@ShadowyZephyr i think what makes gpt-4o openai’s next-generation model is the native audio and vision support

@Soli The last model already had vision support

@ShadowyZephyr i wonder if this one can also output images and yes but this time you also have audio which is a significant improvement plus sam says it is cheaper to run

openai are the ones who determine if this model is their next generation model or not and they clearly label it as their flagship new model in their branding

@Soli Fine, then N/A. I still don't think it's GPT-4.5 level and there's a reason they didn't call it such. It's meant for accessibility, not raw performance (a noble goal)

@Soli N/A everything is never a bad choice

@Soli yeah, N/A

@Soli I think it's a NO - it's clearly a version of GPT-4. By "next generation" in the description, most would expect you to have meant "not GPT-4".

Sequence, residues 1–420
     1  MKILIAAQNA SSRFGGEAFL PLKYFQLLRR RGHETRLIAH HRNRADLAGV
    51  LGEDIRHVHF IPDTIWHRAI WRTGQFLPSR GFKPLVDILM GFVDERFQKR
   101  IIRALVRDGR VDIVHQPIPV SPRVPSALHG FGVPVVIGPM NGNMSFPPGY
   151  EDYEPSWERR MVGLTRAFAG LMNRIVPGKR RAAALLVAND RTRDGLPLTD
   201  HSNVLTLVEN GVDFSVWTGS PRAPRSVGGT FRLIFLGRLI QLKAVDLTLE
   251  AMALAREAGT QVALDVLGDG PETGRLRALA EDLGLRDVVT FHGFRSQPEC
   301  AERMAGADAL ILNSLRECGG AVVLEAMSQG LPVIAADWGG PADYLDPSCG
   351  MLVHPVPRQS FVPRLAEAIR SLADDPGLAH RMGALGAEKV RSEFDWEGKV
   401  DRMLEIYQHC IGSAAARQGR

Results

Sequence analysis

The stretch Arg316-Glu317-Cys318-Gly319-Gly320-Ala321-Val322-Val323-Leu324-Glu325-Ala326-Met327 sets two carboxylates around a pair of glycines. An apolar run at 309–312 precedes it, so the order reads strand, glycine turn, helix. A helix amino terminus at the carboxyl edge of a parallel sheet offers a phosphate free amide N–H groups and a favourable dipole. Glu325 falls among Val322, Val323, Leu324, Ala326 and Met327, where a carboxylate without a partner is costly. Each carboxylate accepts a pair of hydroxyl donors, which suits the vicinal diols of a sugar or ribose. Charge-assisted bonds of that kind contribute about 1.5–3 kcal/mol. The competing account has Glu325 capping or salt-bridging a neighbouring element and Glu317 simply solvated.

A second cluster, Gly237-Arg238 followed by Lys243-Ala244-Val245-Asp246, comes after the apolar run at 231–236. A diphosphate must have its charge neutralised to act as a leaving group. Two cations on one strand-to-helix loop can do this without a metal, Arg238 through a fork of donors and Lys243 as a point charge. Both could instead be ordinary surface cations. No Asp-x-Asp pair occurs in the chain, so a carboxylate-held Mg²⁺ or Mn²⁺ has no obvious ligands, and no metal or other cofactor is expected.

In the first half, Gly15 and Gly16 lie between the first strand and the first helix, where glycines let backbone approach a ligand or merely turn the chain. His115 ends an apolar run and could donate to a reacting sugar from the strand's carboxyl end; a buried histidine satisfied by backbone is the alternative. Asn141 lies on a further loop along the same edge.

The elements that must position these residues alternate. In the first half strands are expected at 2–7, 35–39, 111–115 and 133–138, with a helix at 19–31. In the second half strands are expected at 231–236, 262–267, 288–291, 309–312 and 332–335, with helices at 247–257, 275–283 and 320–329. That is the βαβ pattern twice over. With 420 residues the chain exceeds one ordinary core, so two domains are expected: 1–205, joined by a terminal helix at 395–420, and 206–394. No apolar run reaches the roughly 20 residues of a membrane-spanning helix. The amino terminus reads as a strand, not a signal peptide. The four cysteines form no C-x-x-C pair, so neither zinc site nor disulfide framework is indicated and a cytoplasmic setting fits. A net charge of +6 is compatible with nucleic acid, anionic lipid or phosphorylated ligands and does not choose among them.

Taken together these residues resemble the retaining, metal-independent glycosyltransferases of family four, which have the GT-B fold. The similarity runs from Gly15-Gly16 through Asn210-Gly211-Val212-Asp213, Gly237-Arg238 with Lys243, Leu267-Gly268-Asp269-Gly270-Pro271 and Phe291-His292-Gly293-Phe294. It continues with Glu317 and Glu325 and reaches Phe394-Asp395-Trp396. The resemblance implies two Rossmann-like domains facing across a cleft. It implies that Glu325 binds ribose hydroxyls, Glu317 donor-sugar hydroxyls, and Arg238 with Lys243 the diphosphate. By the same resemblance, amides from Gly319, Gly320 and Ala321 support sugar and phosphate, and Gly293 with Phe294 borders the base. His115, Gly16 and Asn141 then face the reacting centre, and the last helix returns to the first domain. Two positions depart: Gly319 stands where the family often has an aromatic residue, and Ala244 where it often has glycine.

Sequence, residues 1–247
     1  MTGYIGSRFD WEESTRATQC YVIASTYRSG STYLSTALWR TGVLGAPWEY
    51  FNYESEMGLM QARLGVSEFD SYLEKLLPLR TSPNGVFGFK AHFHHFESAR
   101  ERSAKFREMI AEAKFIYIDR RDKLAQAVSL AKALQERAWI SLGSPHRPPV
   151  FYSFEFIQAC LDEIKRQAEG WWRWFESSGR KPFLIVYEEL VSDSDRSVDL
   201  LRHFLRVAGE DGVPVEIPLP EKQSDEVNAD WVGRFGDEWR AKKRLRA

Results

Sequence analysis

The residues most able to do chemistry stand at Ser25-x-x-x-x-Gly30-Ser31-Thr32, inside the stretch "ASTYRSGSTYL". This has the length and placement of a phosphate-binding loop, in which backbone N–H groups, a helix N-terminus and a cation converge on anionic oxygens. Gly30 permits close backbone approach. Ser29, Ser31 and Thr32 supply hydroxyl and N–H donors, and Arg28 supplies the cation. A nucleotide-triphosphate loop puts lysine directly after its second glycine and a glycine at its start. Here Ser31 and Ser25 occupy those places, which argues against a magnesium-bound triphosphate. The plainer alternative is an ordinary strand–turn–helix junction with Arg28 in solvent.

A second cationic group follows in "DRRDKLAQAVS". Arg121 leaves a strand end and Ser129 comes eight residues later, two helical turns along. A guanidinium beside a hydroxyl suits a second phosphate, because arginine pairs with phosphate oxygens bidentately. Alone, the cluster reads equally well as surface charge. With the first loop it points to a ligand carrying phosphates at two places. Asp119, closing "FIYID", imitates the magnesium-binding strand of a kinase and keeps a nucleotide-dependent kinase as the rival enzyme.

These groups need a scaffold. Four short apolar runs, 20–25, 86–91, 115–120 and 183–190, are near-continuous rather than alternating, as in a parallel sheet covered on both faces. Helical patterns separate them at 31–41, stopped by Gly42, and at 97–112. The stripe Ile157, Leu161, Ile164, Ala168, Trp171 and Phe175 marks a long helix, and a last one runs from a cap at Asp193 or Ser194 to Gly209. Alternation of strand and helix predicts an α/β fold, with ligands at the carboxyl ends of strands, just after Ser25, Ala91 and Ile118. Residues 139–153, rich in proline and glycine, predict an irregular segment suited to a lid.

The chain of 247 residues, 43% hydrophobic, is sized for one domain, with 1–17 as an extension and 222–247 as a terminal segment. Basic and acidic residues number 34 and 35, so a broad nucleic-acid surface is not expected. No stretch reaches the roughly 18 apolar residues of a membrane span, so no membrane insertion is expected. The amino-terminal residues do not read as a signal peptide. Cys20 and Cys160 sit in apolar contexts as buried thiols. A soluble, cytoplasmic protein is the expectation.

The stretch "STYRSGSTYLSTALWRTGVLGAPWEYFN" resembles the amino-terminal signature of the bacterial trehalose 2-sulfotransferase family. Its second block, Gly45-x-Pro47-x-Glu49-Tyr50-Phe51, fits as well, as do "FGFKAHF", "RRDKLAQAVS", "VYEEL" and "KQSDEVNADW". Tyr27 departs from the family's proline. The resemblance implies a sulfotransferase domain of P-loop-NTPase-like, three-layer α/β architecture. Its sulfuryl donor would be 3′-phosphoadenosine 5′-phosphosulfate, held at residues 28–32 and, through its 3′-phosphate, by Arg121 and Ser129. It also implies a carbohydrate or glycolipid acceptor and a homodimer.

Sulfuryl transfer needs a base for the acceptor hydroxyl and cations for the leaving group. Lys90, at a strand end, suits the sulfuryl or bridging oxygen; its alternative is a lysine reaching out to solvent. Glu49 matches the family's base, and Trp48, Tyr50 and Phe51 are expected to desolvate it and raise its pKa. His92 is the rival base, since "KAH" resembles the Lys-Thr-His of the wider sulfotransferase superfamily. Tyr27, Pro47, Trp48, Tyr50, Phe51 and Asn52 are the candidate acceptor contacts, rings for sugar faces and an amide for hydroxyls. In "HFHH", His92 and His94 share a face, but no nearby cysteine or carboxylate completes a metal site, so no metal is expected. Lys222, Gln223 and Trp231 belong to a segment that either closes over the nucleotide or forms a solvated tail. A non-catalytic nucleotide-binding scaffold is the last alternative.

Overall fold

In the future when we look back on these models and talk about them, if we group them into generations, this one will be firmly in with the "GPT-4" generation.

It might be their latest model and their newest flagship, but it's definitely a variation of GPT-4 and your description suggested these were mutually exclusive categories (and I think they are). It has been marketed as GPT-4, with openAI saying they're "bringing GPT-4-level intelligence their free users" and the like.

Yeah it's faster - but so was GPT-4-turbo, and you wouldn't have counted that, presumably.

Yeah it's a little smarter, but we've seen improvements of that kind of magnitude within the GPT-4 generation already. Now that lmsys have plugged some of the unblinding that inflated its ELO score, the sheen has worn off a bit, with GPT-4o beating the lateat GPT-4 Turbo by 35 points, less than the 87 point gap between the latest Turbo and the original GPT-4.